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I have a dataset of species and their rough locations in a 100 x 200 meter area. The location part of the data frame is not in a format that I find to be usable. In this 100 x 200 meter rectangle, there are two hundred 10 x 10 meter squares named A through CV. Within each 10 x 10 square there are four 5 x 5 meter squares named 1, 2, 3, and 4, respectively (1 is south of 2 and west of 3. 4 is east of 2 and north of 3). I want to let R know that A is the square with corners at (0 ,0), (10,0), (0,0), and (0,10), that B is just north of A and has corners (0,10), (0,20), (10,10), and (10,20), and K is just east of A and has corners at (10,0), (10,10), (20,0), and (20,10), and so on for all the 10 x 10 meter squares. Additionally, I want to let R know where each 5 x 5 meter square is in the 100 x 200 meter plot.

So, my data frame looks something like this

10x10    5x5     Tree    Diameter
A    1     tree1    4
B    1     tree2    4
C    4     tree3    6
D    3     tree4    2
E    3     tree5    3
F    2     tree6    7
G    1     tree7    12
H    2     tree8    1
I    2     tree9    2
J    3     tree10   8
K    4     tree11   3
L    1     tree12   7
M    2     tree13   5

Eventually, I want to be able to plot the 100 x 200 meter area and have each 10 x 10 meter square show up with the number of trees, or number of species, or total biomass What is the best way to turn the data I have into spatial data that R can use for graphing and perhaps analysis?

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1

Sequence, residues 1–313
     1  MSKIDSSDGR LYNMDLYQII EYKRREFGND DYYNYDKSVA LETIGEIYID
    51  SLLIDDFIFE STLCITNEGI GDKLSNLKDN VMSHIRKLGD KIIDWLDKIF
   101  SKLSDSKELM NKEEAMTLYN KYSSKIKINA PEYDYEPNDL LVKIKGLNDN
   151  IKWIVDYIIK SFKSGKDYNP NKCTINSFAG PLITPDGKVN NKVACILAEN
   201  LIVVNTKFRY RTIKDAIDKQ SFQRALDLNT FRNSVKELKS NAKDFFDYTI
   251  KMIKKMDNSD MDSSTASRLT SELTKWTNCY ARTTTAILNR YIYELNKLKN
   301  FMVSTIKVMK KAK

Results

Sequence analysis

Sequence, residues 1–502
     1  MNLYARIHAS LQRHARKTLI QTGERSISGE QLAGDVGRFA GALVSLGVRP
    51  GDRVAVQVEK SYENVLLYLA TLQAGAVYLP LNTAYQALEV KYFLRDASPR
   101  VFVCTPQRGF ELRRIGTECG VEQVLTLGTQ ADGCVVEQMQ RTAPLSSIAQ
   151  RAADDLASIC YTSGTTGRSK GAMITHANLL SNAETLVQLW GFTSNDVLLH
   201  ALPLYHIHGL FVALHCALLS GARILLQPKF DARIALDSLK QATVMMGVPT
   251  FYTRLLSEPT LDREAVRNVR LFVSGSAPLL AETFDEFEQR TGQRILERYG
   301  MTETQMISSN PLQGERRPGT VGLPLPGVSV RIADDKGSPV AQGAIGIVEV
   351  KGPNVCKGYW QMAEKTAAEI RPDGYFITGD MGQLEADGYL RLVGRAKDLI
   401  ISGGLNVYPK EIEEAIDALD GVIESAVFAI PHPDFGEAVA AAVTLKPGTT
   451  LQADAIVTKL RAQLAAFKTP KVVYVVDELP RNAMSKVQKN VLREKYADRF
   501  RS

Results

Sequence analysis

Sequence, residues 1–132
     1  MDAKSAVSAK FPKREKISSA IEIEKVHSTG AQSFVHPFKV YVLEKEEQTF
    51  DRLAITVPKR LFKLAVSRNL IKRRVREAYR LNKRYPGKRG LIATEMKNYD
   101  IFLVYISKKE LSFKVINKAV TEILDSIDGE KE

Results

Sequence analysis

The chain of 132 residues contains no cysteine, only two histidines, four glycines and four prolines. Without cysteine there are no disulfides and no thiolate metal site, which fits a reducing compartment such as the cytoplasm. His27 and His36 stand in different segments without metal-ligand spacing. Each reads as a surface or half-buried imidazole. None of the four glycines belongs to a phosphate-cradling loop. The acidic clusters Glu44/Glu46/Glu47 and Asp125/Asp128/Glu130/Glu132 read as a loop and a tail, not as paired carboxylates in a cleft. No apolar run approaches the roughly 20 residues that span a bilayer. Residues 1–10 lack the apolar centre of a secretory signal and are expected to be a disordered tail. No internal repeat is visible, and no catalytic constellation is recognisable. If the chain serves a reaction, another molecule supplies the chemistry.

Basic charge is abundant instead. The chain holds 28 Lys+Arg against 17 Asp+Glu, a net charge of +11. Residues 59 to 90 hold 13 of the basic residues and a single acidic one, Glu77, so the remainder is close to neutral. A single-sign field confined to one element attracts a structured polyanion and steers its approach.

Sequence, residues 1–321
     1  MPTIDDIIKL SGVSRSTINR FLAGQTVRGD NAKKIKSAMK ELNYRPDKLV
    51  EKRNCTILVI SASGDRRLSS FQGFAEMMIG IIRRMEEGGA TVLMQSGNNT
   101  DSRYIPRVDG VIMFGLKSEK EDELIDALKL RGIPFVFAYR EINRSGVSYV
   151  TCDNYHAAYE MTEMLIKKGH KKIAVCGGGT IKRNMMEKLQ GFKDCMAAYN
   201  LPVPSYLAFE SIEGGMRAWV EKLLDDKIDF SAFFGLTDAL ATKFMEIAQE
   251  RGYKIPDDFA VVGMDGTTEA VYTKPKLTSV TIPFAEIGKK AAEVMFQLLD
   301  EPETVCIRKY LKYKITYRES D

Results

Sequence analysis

by the way, I'm a little confused about the geometry of your area. You have 100 10x10 plots (A to CV), apparently arranged in rows of 10 -- doesn't that make a 100x100 rather than a 100x200 area? (You also refer to it as a "square" at one point above ...) –  Ben Bolker Aug 24 '12 at 22:39
    
I am typing on a phone, sorry about that. It's fixed now. I'm working now to adapt the code to my actual data, since this was a bit if an abstraction. Thanks so much for the help. This is a clever way to get at the problem. –  Frank Aug 25 '12 at 0:16
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2 Answers

up vote 6 down vote accepted

Here's a start.

## set up a vector of all 10x10 position tags
tags10 <- c(LETTERS,
            paste0("A",LETTERS),
            paste0("B",LETTERS),
            paste0("C",LETTERS[1:22]))

A function to convert (e.g.) {"J",3} to the center of the corresponding sub-square.

convpos <- function(pos10,pos5) {
    ## convert letters to major (x,y) positions
    p1 <- as.numeric(factor(pos10,levels=tags10))  ## or use match()
    p1.x <- ((p1-1) %% 10) *10+5    ## %% is modulo operator
    p1.y <- ((p1-1) %/% 10)*10+5    ## %/% is integer division
    ## sort out sub-positions
    p2.x <- ifelse(pos5 <=2,2.5,7.5)   ## {1,2} vs {3,4} values
    p2.y <- ifelse(pos5 %%2 ==1 ,2.5,7.5)  ## odd {1,3} vs even {2,4} values
    c(p1.x+p2.x,p1.y+p2.y)
}

usage:

convpos("J",2)
convpos(mydata$tenbytenpos,mydata$fivebyfivepos)

Important notes: